Hendricks turning Cy whispers into shouts

Hendricks turning Cy whispers into shouts

ST. LOUIS -- The Cubs' Kyle Hendricks has outsmarted hitters, and he's done so in a dominating fashion, even if the radar gun says the opposite.

Hendricks had a no-hitter through eight innings and a four-run lead on Monday night against the Cardinals, then lost both as Jeremy Hazelbaker led off the ninth with a home run. Chicago posted a 4-1 win, and Hendricks most likely picked up a few more Cy Young votes as he lowered his ERA to 2.03, the best in the Major Leagues.

"It's just a different form of dominance," manager Joe Maddon said of Hendricks, now 15-7. "Everyone wants dominance to be pure force. Finesse can be dominant also when it's done properly, like he does. He's added a little more, he's added a wrinkle with the four-seamer, which makes him more difficult."

What Hendricks does is fool batters.

"He has the ability to throw something soft in a fastball count, the ability to throw a fastball when they're expecting soft, and then locating it, and he has movement going both ways," Maddon said.

Hendricks' goal? To keep things simple.

"I didn't think I'd ever get that close to [a no-hitter]," Hendricks said. "I'm pitching to contact, trying to put balls in play. You can run into one of those special days, make all your pitches -- why not?"

Hendricks on his no-hit bid

Hendricks got help from shortstop Addison Russell and right fielder Jason Heyward, who made back-to-back stellar defensive plays in the sixth.

Hendricks also got a boost from his catcher, Miguel Montero.

"He wasn't overpowering anybody," Montero said. "He's a pitcher. He located his fastball, he gets hitters off balance, and he's fun to watch. You can see from last year to this year how he's been getting better every single outing. He's the best prepared guy every time before he takes the mound. He prepares better than anybody I've caught in my career. He's got a pretty good feel for the hitters.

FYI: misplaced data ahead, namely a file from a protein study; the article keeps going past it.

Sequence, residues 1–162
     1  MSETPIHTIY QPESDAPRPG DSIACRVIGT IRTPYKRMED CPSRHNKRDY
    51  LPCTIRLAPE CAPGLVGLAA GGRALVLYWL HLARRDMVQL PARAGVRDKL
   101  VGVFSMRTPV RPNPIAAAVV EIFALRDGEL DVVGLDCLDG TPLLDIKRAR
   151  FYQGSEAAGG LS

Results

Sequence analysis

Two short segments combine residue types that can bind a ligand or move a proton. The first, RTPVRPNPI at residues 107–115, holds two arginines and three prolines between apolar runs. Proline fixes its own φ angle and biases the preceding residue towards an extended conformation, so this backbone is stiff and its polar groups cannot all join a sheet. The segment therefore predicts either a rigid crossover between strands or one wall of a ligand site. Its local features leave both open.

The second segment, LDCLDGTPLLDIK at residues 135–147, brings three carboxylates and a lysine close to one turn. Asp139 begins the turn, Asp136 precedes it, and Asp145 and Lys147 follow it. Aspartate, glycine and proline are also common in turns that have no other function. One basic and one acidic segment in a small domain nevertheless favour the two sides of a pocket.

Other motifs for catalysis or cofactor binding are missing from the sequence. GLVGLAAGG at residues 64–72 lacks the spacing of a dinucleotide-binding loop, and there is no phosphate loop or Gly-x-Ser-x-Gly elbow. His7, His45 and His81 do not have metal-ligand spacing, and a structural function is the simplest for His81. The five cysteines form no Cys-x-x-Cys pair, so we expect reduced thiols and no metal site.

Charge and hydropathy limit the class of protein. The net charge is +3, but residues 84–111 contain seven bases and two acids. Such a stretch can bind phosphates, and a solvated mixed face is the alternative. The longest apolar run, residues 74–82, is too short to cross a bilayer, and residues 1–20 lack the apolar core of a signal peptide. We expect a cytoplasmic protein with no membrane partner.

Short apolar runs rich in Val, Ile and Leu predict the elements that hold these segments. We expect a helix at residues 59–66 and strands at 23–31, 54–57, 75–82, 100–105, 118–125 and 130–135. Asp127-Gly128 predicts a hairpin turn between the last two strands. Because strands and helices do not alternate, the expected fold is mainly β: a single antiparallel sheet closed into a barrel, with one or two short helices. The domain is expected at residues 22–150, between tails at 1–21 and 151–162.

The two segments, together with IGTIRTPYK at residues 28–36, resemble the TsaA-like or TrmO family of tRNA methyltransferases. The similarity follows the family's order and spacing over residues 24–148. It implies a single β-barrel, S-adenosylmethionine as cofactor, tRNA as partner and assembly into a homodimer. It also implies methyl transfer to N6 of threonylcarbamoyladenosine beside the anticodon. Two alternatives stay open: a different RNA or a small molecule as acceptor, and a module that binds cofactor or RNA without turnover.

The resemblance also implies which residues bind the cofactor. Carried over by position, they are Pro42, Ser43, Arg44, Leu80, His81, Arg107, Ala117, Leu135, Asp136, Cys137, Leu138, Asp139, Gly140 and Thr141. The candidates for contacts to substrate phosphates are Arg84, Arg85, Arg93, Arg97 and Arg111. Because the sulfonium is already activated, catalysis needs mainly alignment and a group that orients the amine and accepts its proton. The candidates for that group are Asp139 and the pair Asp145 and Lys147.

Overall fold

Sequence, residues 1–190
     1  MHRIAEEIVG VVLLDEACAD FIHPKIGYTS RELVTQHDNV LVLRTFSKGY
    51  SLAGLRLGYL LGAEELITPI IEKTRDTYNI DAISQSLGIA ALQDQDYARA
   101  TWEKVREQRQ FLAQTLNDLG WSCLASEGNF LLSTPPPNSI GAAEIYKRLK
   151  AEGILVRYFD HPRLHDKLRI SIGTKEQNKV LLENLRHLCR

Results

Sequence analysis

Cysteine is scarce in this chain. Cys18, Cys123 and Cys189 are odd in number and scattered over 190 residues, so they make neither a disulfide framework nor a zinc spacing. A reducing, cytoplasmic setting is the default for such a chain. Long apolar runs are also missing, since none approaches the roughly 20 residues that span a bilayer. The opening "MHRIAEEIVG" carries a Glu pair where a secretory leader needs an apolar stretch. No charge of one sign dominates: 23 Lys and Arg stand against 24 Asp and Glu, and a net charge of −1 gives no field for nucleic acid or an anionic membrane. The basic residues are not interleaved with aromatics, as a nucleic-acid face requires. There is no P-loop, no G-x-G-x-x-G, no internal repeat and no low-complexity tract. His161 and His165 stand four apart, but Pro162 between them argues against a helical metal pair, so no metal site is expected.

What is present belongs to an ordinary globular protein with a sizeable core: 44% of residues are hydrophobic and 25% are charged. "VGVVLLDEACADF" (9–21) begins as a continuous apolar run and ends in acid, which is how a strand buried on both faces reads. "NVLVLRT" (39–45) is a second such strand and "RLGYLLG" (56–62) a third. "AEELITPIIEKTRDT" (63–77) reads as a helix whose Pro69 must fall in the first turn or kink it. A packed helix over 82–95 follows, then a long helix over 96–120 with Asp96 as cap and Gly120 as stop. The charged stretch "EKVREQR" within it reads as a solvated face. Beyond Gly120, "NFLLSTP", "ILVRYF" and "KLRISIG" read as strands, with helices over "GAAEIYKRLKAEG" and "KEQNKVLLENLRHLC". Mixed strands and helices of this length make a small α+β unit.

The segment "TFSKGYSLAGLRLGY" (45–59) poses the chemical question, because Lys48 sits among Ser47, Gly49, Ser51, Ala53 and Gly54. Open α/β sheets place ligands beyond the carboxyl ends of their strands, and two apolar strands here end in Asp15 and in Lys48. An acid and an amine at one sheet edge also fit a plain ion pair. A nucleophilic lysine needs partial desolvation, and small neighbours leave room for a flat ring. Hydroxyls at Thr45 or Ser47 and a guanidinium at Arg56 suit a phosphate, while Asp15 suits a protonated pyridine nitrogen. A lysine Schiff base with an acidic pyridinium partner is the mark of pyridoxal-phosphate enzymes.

"It was fun to catch him. It's been fun because he's a guy who wants to learn, who wants to get better. He's open-minded to whatever advice you can give him. To me, it's an honor to catch him."

It's no surprise that Hendricks, who has heard his name mentioned when Cy Young candidates are discussed, is the studious type. After all, he went to Dartmouth to major in finance.

"There's been talk for a while about [the Cy Young], and those are based on results," Hendricks said. "The only way results are going to come is focus on the little things, and that's my preparation and consistent work between my starts, and just trying to make my pitches."

It's the second straight season in which a Cubs pitcher has dominated the second half. Last year, Jake Arrieta went 12-1 with an 0.75 ERA in 15 starts after the All-Star break and won the Cy Young Award. This year, Hendricks is 8-1 with a 1.33 ERA in 11 second-half starts.

Arrieta leads all NL pitchers in wins (17) and in batting average against (.185). The Nationals' Max Scherzer is first in innings pitched (203 2/3) and strikeouts (251); Hendricks is 17th and 18th, respectively.

What's the determining factor?

"I think every year is different," Chicago pitcher Jon Lester said. "You have to look at the team, you have to look at the individual. You have to take everything in account. I hope [Hendricks] does get a really good look. What he's done this year is pretty remarkable, especially the last two and a half months."

Carrie Muskat has covered the Cubs since 1987, and for MLB.com since 2001. She writes a blog, Muskat Ramblings. You can follow her on Twitter @CarrieMuskat and listen to her podcast. This story was not subject to the approval of Major League Baseball or its clubs.